Xanthium orientale subsp. italicum (Moretti) Greuter is an annual herbaceous plant in the Asteraceae family, native to North America. It was first found in Beijing, China, in 1991. Since then, it has spread into many provinces such as Heilongjiang, Jilin, Liaoning, Hebei, Shandong, Xinjiang, and so on. Furthermore, it has been listed as one of the dangerous quarantine weeds in China (4). This noxious invasive weed has a strong ability to acclimatize to new environments. X. orientale subsp. italicum can usually be found in alluvial flatlands, riverbanks, wastelands, roadsides, pastures, as well as farmlands. The presence of this plant decreases the native biodiversity and influences the production of agriculture and stockbreeding. In August 2013, a rust disease was first observed on X. orientale subsp. italicum in Dalian, Liaoning Province, northeast China. Various sized lesions were found on approximately one third of the leaves of each infected plant. These lesions were yellow in the early stage of infection; gradually the center of each lesion turned brown, and eventually the infected lesions became necrotic and ruptured. The small (on average 4 mm in diameter) and dark brown raised telia appeared in the center of the lesions on the lower leaf surface. The teliospores were brown, clavate, two-celled, and measured 42 to 58 × 12 to 21 μm. Teliospores had a conical top, constricted septa, and a persistent pedicel (22 to 70 μm in length). The walls of the teliospores were smooth, 0.8 to 1.2 μm thick at the side and 4 to 8 μm thick at the apex. The size, color, and morphology of the teliospores fit the description of Puccinia xanthii (1,3). A pathogenicity test was conducted by the method of detached leaf inoculation (2). We collected 48 healthy leaves from six individuals of X. orientale subsp. italicum plants, eight from each individual. Teliospores from disease samples were suspended to 1 × 105 spores per ml with sterile water and then smeared on 24 leaves (four per individual); the remaining leaves were inoculated with sterile water as control. Each of the leaves was put on a moist filter paper in a petri dish, and was cultured in a chamber with a 12-h photoperiod at 25°C. Seven days later, dark brown raised telia were observed on all inoculated leaves but not on control ones. The teliospores were removed from the sorus on inoculated leaves, and according to the morphology confirmed to be those of P. xanthii. The rust caused by P. xanthii has been documented in different hosts in many other countries such as Spain, France, Italy, former Yugoslavia, Australia, the United States, and South Africa. In addition, the rust fungus was found to infect X. orientale subsp. italicum in eastern Hungary (1). To our knowledge, this is the first report of P. xanthii attacking the invasive plant X. orientale subsp. italicum in China. It is important to study the potential of using this rust fungus as a biological control agent of X. orientale subsp. italicum. This work was supported by the Project of the National Natural Science Foundation of China (31270582).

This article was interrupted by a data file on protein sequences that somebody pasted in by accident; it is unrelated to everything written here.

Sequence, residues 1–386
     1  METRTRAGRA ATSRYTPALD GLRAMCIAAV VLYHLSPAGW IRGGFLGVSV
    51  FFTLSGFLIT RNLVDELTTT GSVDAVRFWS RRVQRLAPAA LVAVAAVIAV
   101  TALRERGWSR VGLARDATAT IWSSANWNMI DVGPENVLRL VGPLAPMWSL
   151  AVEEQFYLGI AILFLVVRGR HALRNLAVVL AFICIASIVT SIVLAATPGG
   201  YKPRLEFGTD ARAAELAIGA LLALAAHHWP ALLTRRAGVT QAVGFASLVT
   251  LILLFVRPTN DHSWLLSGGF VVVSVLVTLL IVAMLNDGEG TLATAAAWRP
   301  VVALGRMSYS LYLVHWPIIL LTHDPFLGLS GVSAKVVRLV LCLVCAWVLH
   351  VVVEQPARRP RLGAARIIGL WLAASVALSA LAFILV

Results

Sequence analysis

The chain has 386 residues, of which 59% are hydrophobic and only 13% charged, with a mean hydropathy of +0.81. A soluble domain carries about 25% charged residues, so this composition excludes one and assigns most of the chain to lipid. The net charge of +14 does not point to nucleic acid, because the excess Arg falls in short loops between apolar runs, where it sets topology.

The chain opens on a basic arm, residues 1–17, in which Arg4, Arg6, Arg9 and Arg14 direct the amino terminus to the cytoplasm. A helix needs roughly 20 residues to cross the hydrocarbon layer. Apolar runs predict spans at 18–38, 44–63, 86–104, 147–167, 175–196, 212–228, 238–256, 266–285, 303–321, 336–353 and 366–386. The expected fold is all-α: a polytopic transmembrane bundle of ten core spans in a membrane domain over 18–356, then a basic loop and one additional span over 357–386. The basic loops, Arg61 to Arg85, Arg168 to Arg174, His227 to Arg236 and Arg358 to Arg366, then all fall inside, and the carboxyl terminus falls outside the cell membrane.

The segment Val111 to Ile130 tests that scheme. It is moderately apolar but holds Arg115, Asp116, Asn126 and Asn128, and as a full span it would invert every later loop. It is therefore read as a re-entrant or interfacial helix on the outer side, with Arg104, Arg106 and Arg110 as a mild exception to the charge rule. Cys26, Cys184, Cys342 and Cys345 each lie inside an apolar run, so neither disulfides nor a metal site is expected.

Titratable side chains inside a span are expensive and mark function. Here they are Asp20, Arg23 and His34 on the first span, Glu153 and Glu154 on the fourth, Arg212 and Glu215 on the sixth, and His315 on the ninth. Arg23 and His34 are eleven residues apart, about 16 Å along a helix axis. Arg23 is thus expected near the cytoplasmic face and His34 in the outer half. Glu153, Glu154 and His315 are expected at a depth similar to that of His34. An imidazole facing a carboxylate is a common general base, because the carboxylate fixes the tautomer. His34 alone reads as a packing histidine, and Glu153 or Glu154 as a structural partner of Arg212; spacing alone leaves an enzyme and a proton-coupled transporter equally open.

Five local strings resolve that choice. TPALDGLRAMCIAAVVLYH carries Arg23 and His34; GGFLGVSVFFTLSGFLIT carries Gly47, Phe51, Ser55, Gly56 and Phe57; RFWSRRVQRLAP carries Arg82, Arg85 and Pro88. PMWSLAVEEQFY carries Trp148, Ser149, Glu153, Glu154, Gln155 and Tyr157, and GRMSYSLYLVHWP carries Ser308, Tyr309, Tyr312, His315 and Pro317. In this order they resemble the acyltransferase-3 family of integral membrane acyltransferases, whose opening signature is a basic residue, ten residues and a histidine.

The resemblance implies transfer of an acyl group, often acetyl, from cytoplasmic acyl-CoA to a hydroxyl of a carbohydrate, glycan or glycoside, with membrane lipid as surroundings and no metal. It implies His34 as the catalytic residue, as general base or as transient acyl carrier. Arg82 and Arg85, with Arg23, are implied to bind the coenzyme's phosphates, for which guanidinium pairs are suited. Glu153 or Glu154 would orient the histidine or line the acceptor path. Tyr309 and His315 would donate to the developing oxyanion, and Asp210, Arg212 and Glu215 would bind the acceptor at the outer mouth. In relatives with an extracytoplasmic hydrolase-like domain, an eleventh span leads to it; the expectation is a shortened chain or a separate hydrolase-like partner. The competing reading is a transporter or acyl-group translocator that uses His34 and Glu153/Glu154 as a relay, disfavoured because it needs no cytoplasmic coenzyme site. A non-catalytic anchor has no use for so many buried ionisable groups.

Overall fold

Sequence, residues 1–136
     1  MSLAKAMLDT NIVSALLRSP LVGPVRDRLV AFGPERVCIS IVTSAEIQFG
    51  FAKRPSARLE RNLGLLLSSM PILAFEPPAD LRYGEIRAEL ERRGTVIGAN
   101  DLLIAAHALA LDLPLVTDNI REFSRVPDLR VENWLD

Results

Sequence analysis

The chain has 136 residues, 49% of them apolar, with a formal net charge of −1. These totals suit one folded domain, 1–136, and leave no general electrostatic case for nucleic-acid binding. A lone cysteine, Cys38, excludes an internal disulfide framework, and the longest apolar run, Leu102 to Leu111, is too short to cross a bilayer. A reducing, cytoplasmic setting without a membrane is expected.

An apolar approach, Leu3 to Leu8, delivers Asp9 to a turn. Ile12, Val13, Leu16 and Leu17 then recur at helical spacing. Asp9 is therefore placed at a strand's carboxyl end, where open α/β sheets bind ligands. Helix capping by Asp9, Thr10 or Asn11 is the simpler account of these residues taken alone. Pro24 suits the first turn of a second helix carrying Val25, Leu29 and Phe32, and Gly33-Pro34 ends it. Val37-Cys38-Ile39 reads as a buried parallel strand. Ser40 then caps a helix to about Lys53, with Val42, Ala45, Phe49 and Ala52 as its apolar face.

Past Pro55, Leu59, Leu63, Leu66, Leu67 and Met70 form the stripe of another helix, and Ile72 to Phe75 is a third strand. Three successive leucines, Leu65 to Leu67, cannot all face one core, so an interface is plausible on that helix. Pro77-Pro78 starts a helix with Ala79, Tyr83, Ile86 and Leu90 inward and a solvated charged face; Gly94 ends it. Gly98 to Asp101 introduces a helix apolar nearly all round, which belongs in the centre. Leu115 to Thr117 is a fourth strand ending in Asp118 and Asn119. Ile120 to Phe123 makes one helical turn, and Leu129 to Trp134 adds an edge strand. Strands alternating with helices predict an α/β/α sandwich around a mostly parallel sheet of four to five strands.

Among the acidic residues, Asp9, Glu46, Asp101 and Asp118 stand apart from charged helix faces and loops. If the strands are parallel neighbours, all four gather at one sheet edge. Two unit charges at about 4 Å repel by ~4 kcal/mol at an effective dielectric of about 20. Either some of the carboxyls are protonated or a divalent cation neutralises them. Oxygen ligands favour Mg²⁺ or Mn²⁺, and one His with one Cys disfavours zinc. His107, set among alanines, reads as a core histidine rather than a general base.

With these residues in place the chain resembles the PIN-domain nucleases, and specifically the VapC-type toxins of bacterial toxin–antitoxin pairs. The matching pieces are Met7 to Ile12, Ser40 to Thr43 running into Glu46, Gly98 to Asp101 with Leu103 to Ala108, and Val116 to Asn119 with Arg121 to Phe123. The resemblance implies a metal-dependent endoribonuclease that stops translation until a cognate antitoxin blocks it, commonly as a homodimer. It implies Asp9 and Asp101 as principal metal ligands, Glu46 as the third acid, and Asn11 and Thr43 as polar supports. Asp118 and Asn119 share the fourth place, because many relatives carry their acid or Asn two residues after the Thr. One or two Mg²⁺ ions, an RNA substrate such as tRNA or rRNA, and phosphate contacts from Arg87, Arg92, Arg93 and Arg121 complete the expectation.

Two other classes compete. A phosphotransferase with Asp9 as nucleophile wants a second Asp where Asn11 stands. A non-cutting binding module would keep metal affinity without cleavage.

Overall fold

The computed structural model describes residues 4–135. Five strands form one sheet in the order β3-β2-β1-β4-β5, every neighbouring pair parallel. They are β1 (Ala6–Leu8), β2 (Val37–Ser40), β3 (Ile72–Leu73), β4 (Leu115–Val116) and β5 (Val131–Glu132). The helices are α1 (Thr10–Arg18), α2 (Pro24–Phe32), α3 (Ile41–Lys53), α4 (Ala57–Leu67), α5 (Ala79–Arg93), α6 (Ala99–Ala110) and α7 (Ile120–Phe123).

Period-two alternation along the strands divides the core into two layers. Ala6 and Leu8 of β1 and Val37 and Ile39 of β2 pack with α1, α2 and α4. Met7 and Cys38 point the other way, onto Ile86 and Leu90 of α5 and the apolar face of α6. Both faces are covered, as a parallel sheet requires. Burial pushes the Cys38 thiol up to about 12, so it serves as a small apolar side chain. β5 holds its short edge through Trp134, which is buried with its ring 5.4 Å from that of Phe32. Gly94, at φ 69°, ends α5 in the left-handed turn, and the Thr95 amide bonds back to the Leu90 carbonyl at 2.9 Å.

References: (1) I. Dávid et al. Plant Dis. 87:1536, 2003. (2) Z. D. Fang. Research Methods of Plant Disease, 1998. (3) J. A. Parmelee. Can. J. Bot. 47:1391, 1969. (4) F. H. Wan et al. Biological Invasion: Color Illustration of Invasive Alien Plants in China, 2012.
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